Carcillo is a character, to say the least. Self-assured with a chip on his shoulder, he adds only a touch of offense to the usually stacked Flyers lines (12 goals, 10 assists in 76 games this year) but racks up the penalty minutes by the by the fistful — 207 in total through the regular season. He is missing his two front teeth and speaks his mind, whether it is the entire truth or some exaggeration of the truth. Overall, his play and antics can be quite amusing.

The Bruins do not think so. Savard insisted that Carcillo put his hand in his mouth during the scrum and repeated early and often that the forward embellishes on just about everything he does. Coach Claude Julien did not think much of the Begin-Carcillo dustup, chalking it up to playoff hockey and a player known for theatrics.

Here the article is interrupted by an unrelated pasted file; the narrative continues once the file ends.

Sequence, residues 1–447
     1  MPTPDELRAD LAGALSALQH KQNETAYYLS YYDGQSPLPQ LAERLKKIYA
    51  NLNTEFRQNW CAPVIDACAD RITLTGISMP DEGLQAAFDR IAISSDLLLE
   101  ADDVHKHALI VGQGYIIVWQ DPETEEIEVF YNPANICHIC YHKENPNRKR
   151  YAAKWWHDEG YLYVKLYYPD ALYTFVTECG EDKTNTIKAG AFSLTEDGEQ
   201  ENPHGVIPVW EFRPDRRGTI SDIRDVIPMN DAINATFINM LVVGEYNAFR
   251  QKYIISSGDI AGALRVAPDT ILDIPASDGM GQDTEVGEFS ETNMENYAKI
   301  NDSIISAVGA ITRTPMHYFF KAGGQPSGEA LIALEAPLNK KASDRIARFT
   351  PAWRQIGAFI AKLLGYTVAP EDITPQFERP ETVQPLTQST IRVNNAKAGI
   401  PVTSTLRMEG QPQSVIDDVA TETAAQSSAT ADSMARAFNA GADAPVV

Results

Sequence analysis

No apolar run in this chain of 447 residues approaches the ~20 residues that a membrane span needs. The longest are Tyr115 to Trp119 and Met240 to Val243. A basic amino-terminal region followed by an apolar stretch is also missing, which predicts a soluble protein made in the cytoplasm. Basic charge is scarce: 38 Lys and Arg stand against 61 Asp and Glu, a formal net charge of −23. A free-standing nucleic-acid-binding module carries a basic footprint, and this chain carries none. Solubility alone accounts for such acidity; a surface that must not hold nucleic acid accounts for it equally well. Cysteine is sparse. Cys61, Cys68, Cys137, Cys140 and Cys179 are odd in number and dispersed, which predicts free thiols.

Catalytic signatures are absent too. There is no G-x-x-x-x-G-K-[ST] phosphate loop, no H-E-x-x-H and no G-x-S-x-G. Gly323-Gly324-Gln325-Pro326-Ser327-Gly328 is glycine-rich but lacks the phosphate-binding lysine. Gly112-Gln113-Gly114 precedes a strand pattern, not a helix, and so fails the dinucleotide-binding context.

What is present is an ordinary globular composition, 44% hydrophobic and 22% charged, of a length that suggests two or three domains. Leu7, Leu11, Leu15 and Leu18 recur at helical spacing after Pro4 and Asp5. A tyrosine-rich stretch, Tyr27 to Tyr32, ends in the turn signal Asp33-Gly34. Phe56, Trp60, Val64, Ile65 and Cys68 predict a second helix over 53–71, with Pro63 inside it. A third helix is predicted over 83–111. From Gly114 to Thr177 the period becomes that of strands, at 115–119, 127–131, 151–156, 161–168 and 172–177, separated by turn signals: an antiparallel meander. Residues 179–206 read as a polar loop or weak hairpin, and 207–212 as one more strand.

“Those [penalties] most of the time you end up killing,” Julien said. “I think, you know, he took a pretty good run at him. It was deemed a clean hit and I don’t really disagree with that either but it was borderline charging and it basically just him [Begin] saying listen, that he crossed a line and I sent a message. I don’t think there are any issues with that either way from either team. If our player did that and threw a legal hit and it was borderline and did something about it, I wouldn’t mind that. It is playoff hockey guys, we worry about every little thing that happens but that is part of the game and we live with it.” Read the rest of this entry »

Read More: Claude Julien, Daniel Carcillo, Marc Savard, Philadelphia Flyers
Savard triumphs in overtime to take Game 1 05.01.10 at 3:46 pm ET